I think it must have been the time of peat-cutting, when, after an early breakfast, masters and servants went off to their work up the hill, taking with them bottles of milk and oatcakes for their midday meal, and coming home before nightfall to a supper of broth, meat, and potatoes. Such a meal was in preparation when the smoke of the kitchen sent Mairi, who was asthmatic, to take refuge on the bench at the end of the house, where she stopped till the peat-cutters were sitting down to their food, by evening daylight. Then Mairi rushed in with blazing eyes, and, under strong excitement, told her wonder tale before my father could suppress her. As Mairi's visions were generally forecasts of funerals, he was always anxious to suppress the revelation of them, not so much from the unbelief in them which he pretended to hold, as because of the effect they would have on his wife, servants, and children. On this occasion her vision was such a wonder to herself that she refused to be suppressed. She said she had seen a great gathering of the men of the neighbourhood, pulling by ropes tied to a pole which was stuck through a hole in its middle, a big round thing which they made to roll along over the burn and on past the hillock near the burn. Then my father took her in hand and accused her of falling asleep and dreaming. It was an argument he often used to silence her, and which she knew had some foundation of fact, since it was undeniable that when busy at work, carding or spinning wool, she occasionally dropped off into dream trances. But this time she was sure she was wide awake when the wonder thing passed, and she ended by saying to my father "I saw you there among the rest." A short time passed, and as nothing happened, the dream theory appeared to be justified. But lo ! one hot day the miller, in a huge hurry, and with his coat over his shoulder, came to tell the farmers who had much grain waiting to be ground for the next four months' provision, that the upper mill-stone had splintered that morning, and that the mill would, of course, have to stand idle until the broken stone was replaced by a new one. When Mairi heard of the accident, and listened to a talk about the methods to be used in bringing a new one to the mill, she said at once, "That is what I saw." But at first it looked as if her vision would prove false to a large degree, for it was up the Glen that a rock was chosen out of which to carve the mill- stone. When some cutting out had been done, a flaw was discovered, and that place was abandoned. Down the Glen, on the Ben Lawers hills, the next cutting out took place, and a good mill-stone was the result, which, with a hole in its middle and roughly dressed, had then to be taken down from its high position and piloted and dragged up to the mill. Through the hole made in the middle of it for suiting its permanent mill work, a young larch tree, stripped and rounded, was driven and used as a rudder, lever, and holdfast for the ropes by which the men pulled it on and kept it back when a drag was required. They thus managed to take it down from a rough and high mountain, and by a convenient ford to get it across the river to the high road which they intended to follow to Balgie Bridge, or a ford opposite Milton if the bridge did not give scope for the free working of their long pole. Had this intention been carried out, the procession would not have passed where Mairi had seen the wraith form. But at a narrow and dangerous turn of the road, within sight of Balgie Bridge, they found they could not get past. So they had to turn back to the ford below the manse, and having crossed there, they had no option but to follow the route of Mairi's vision, since the level fields were barred to them by the rising crops. The vision, therefore, was literally fulfilled without accident or mishap to men or mill-stone.

As already said, I met with comparatively few stories about the spirits of the dead returning to trouble the living, in the Perthshire Highlands, and of those few scarcely any was so well vouched for as most of the wraith and second-sight stories. Although in Queen Anne's reign Meggernie Castle won the repute of being haunted, until a bold schoolmaster, with Bible and pistol, undertook to lay the troubled spirit with his mail-armour and clanking chains and did it the Glenlyon dead gave so little trouble to the living that there was no other story about them in my early days. But in those early days of mine, what was called "Spiorad na Comhsheilg," caused commotion in Breadalbane, and was much talked about in our Glen and in other neighbouring districts. The story was told before the Killin Kirk-Session, and the session clerk scrolled in writing the complaint of the Spiorad's family, and the tale in defence told by the man who said he saw the ghost and got from it a message to deliver to its family. I found afterwards that the complaint and the defence were not, although written down, entered in the Kirk-Session minute- book, and was told that the matter had been as far as possible hushed up later on, and that threatened proceedings in the civil court for slandering the dead had been given up because the Spiorad sent through the medium a further message to the family which convinced them, by certain revelation of secrets, that it was wiser to let proceedings drop and do what the Spiorad desired. As far as I can recollect, the following was the story, which I found many years afterwards still in semi-whispered circulation.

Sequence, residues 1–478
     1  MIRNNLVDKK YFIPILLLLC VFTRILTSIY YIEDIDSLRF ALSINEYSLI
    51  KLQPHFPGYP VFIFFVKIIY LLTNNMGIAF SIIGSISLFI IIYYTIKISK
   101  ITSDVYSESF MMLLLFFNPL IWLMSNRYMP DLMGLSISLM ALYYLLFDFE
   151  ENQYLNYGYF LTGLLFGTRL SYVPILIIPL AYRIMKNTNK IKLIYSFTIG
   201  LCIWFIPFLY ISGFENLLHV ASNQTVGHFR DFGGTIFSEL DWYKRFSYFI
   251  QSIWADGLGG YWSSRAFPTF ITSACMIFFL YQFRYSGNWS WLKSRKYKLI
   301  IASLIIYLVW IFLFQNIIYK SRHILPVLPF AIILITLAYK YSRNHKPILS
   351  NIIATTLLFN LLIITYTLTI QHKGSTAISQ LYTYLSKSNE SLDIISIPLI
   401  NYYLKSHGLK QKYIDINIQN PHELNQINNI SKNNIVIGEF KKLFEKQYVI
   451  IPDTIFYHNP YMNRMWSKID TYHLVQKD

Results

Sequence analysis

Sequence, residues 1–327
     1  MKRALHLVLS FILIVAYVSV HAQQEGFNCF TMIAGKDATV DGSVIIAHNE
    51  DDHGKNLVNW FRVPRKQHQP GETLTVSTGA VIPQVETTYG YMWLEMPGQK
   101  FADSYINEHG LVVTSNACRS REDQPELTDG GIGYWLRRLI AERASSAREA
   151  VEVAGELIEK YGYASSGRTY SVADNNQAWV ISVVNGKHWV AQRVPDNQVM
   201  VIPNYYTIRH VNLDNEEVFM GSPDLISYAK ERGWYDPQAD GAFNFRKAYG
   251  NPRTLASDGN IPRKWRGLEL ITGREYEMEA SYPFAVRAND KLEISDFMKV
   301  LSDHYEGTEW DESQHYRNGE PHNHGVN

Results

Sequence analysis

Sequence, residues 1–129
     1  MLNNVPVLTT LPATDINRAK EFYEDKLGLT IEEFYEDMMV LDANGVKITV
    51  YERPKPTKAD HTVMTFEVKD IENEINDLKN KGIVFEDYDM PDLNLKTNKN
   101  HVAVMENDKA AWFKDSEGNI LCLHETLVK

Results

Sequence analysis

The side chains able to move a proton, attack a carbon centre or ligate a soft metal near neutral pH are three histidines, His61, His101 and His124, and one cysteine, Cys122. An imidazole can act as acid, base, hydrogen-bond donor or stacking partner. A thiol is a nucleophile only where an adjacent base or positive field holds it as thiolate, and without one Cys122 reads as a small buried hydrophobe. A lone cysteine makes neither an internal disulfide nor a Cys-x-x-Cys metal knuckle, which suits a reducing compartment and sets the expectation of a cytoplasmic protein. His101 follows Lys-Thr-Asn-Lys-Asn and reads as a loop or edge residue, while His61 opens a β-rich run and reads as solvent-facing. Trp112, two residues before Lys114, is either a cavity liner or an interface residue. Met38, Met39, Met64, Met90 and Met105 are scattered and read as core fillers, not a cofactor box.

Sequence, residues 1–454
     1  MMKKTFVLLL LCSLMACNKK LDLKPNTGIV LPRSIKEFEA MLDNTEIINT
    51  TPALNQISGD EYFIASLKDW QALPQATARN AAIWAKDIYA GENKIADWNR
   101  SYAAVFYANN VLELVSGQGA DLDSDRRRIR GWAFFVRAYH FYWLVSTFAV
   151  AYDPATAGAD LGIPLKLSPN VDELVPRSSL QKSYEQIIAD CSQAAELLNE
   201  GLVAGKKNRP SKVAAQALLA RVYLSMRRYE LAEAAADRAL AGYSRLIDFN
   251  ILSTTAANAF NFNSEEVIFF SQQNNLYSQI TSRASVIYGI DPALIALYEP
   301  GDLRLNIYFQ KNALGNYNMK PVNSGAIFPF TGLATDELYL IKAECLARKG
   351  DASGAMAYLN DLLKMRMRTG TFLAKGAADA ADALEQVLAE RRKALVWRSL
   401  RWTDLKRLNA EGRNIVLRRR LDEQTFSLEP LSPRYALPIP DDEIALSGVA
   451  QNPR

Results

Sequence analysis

Donald Donn, a farmer in good circumstances and of honest reputation, was lying ill when the heir and widow of another farmer, with whom he had cross-transactions in former years, claimed payment for a mare Donald had bought from the dead man, and which they, the dead man's representatives, said in the settling of accounts had not been paid for. Donald, on the other hand, declared that the animal had been paid for, and so did his wife in far more decisive words than he used. It seemed indeed at the last that he relied on his wife's certainty of conviction, and not on his own failing memory. As he was clearly drawing very near his end, the claimants said they would let the question be settled by his oath of verity. So a neighbouring Justice of the Peace was called in, and Donald swore in presence of the claimants that the mare had been paid for. In taking the oath, he was so weak that his wife had to help him to hold up his hand. Within twenty-four hours Donald was dead, and, to use the phrase regarding people of blameless records, "was honourably buried before God and man." Time passed, and the dispute faded away from public memory, till the report spread that Donald's spirit had come back to redress the mistake he had made regarding the matter of the mare. A weaver, who had a house and a small croft in an upland glade of a wood near Donald's farm, when coming home through the wood from the Killin clachan one night was met by a dog, which, on being threatened with an iron-shod staff, changed into a foal, and then into the form of Donald Donn. In its final shape the spirit fought with the weaver, who found that, while he was grasping what seemed to be only an air- blown bladder, he received electric shocks or, as he phrased it, shocks from "cuibhle nan goimheanan," or the electric wheel, which was then in repute for curing rheumatic pains and mitigating creeping paralysis. The weaver, despairing of his life, at last cried out, "Donald, why are you so hard with me?" "Why," said the spirit, letting the man go, "did you not speak to me before?" Then they entered into pacific conversation, and the spirit explained that he was suffering much from the oath he had taken, when memory and mind were failing him, in regard to the claim about the mare, and that he wanted his family to settle this claim. To shew how much he suffered he opened his long cloak, and his bare body looked like a glass case filled with liquid flame. He gave the weaver some tokens to convince his family that the message sent to them was genuinely from himself. The tokens were in- sufficient. The wife and children of the dead man were not convinced, but so highly indignant that they hauled the weaver before the Session and threatened to bring him before the Sheriff or Court of Session. Before the Session the weaver told his story as he had told it to the family, and unflinchingly maintained that it was the truth and nothing but the truth. But for all his assertions he would have been in serious trouble if the spirit, at a second interview, had not furnished him with further credentials which silenced the dead man's family, and made them anxious to hush the matter up. The hushing up was so well done that the general public never learned whether or not the claim about the mare had been satisfied, but the belief of the country was that it had been quietly settled under a promise to say nothing about it. At the second interview the weaver asked the spirit if he could tell when he, the weaver, would die? The spirit answered that he could only tell him that when he was at the funeral of a man who lived down the Lochside his own funeral would be the next one to the clachan church-yard. The man designated was in good health and much younger than the weaver. The latter determined to take good care to keep away from this man's funeral if he chanced unexpectedly to die before him. Neither kinship nor close personal friendship would make his presence obligatory. But, as usually happened in such cases of forewarning, his "dan," or weird, was too strong for him. News in stormy, wintry weather did not then travel fast, and the weaver's croft and cottage were in a lonely nook off the road. Business one day made it necessary for him to go to the clachan. As he came to the junction of his side-glen road with the lochside main road, a funeral overtook him, which, as it was going the same way as himself, he could not help joining. On asking whose funeral it was, he found it was that of the very man whose death was to be the forecast of his own. He took the doom involved very philosophically; went to the clachan, settled his business there, visited a married daughter and other friends there, calmly told them his story, solemnly bade them farewell, walked back home, took to bed and died within the week. So his funeral came next to that of the other man.